The Spacey Fightback

by Sean Bw Parker (June 2024)

Kevin Spacey —Sean Bw Parker, 2024


In a post on X, Kevin Spacey announced ‘I will no longer be speechless.’ This accompanied an interview with journalist Dan Wootton, which was itself a counter-move to a new Channel 4 documentary, Kevin Spacey Unmasked. Spacey had been twice exonerated in both US and UK courts on sexual assault charges against a handful of men, but the new documentary contained allegations going back 50 years.

These were not of the ‘violent rape, torture and murder of young boys’ variety concocted by fantasist false accuser Carl ‘Nick’ Beech, imprisoned for 18 years on multiple counts of perverting the course of justice a couple of years previously. They were more in the ‘stroked thigh, clumsy approach’ genre, seemingly more common the further the #MeToo movement faded into history.

In the Wootton interview, as in the British trial, Spacey was honest and open about his ‘in the closet’ past, drunken approaches, and ‘persistence.’ But as false allegations industry critic Jonathan King has pointed out in his A Victim Bites Back You Tube series, when now does persistence and persuasion become harassment and assault? It appears increasingly to be for the broadcasters and court of social media to decide, and the main offence has become being famous.

We need only check notes to find details of both Bill Cosby and Harvey Weinstein’s legal exonerations, grudgingly mentioned in the press, the implication being that it is the courts committing the sin rather than the potentially gross exaggerations of allegations. That the Weinstein trials have made casting couch culture a thing of the past is good news for the integrity of the much-loved craft of movie-making. That it led to a deluge of spurious allegations, money-hunting, the related Depp-Heard trial and long-tail of MeToo—i.e. deep distrust between the sexes—is moot to the point of being beyond discussion in an activist-led, partisan press.

Dan Wootton was cancelled himself after chuckling along with guest Laurence Fox when the latter said he ‘wouldn’t shag that’ in reference to an online spat with journalist Ava Santina (who had on a TV show expressed indifference to chronic rates of male suicide). GB News eventually fired Wootton after suspending him for months—but as his own comeback X post said, ‘I’m not that easily cancelled’ —shortly before hosting a string of high profile victims of false or exaggerated accusations.

Russell Brand had shown the way in indifference to mass-media pile-on some months before, when the Sunday Times and Channel 4 colluded on another documentary and about two weeks worth of front covers about Brand’s former sexual behaviour—back when C4 positively encouraged it. Since then. Brand had cleaned up, became a political truther and got baptised, but none of that staunched his (multi-million reach) contempt for a collusive media which had put investigating behind it in favour of instant moral judgment in line with culture war stance.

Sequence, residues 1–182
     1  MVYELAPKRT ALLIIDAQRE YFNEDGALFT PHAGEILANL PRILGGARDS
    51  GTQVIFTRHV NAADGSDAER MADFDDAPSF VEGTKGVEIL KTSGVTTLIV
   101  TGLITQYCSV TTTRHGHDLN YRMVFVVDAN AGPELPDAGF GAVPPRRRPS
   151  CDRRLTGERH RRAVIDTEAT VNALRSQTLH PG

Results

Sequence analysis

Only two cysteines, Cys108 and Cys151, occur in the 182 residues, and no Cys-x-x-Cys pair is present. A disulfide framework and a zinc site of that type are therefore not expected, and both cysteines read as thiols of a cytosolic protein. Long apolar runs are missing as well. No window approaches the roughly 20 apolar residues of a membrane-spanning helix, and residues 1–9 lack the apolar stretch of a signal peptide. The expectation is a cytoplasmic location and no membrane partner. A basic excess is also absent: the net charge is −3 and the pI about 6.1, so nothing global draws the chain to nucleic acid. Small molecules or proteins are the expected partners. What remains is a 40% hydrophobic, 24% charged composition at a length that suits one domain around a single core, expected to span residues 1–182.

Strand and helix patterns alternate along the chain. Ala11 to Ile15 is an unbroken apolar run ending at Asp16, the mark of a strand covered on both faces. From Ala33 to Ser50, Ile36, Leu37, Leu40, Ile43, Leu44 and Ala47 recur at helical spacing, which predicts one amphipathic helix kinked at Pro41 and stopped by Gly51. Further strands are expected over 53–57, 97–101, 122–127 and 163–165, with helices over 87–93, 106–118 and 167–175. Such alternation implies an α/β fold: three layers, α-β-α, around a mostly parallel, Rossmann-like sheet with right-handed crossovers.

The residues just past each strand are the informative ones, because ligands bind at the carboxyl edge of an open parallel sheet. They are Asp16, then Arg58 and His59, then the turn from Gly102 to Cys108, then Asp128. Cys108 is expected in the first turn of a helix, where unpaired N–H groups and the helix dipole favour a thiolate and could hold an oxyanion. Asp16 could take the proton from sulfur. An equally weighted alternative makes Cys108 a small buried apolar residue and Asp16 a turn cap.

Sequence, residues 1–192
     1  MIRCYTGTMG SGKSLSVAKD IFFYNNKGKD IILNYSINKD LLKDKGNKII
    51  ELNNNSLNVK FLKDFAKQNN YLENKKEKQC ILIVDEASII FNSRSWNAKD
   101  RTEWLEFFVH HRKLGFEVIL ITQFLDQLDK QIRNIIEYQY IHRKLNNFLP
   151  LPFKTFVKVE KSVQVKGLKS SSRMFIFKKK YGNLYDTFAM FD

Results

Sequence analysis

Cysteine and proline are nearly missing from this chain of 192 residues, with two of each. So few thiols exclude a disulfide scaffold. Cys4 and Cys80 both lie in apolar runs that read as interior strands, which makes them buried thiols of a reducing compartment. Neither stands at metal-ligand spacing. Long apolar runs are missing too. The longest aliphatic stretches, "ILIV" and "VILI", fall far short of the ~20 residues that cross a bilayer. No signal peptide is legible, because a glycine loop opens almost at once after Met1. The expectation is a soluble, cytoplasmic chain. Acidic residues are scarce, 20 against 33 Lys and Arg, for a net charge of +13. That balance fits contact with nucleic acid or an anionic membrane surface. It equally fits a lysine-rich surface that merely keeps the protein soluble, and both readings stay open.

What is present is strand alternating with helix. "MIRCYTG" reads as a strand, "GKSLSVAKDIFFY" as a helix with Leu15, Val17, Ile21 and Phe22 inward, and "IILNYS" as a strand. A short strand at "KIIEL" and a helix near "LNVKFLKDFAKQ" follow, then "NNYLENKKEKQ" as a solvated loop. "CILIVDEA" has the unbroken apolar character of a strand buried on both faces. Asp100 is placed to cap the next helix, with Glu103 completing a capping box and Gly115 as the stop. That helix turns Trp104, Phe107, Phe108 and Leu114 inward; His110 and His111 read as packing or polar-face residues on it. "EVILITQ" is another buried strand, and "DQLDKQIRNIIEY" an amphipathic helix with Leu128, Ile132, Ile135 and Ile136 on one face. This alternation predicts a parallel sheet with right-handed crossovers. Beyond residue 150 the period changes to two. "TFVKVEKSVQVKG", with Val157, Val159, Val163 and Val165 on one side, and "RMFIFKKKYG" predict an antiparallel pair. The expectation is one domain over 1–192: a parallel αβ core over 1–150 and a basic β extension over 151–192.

Cosby is now very old, Weinstein is still in prison due to an as-yet non-overturned conviction, Depp is being quietly gentlemanly in victory; but Spacey, having ‘lost everything,’ is determined to be quiet no longer. One of the tragedies of all this, as he and Wootton discussed, is that not even apology for something you haven’t done works any more—the judgment and profit is held in the algorithms, which are amoral and care not for human sympathy.

(Good) acting is a gift, and Spacey is truly gifted, he’s proven that to the world many times. He is hardly alone in having a messy past personal life, but he is he first to come back fighting following attempted career destruction in quite such an eloquent way. The war in the media is between socio-political stance (woke or anti-woke) and clicks and shares profits.

That is actually where the morality lies, not whether Spacey clumsily propositioned a young actor in 1978—but historically right-on Channel 4, fighting for its own life, seems happier to throw its own professional integrity on to the post-MeToo fire.


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Sean Bw Parker is a British writer, artist and musician, born in Exeter in 1975. He gained a Masters degree in Fine Art from the University for the Creative Arts in 2003, following which he lived in Istanbul for ten years until 2014 where he gave TEDx talk ‘Stammering and Creativity,’ and also lectured at Istanbul University. He has published several books, poems, albums and paintings, won a number of Koestler Arts awards and a Perrie Lectures essay award.

He has been published by the Westminster Commission, T.S. Eliot Foundation, Time Out Istanbul, Louder Than War, and appeared at the Brighton Science Festival, the University of Bristol, BIMM and others. He has interviewed Julie Burchill, Ed Harcourt, Kristin Hersh, Ian Broudie of The Lightning Seeds and Sarah Blackwood of Dubstar, hosted shows by The Members, Mark Morriss of The Bluetones and Eat Static at his Seafish music and arts venue in 2016, and was interviewed for a Sky Arts documentary in the same year. He curated the Chi-Signs, Blakefest and Wildefest mini-festivals between 2015 and 2017, and has been involved with numerous other exhibitions and live events.

Follow NER on Twitter @NERIconoclast


One Response

  1. Agreed. Character should never trump talent – especially in Hollywood, the performing arts, or the BBC. Channel 4, isn’t that Jonathan Willoughby’s pulpit. GLWT

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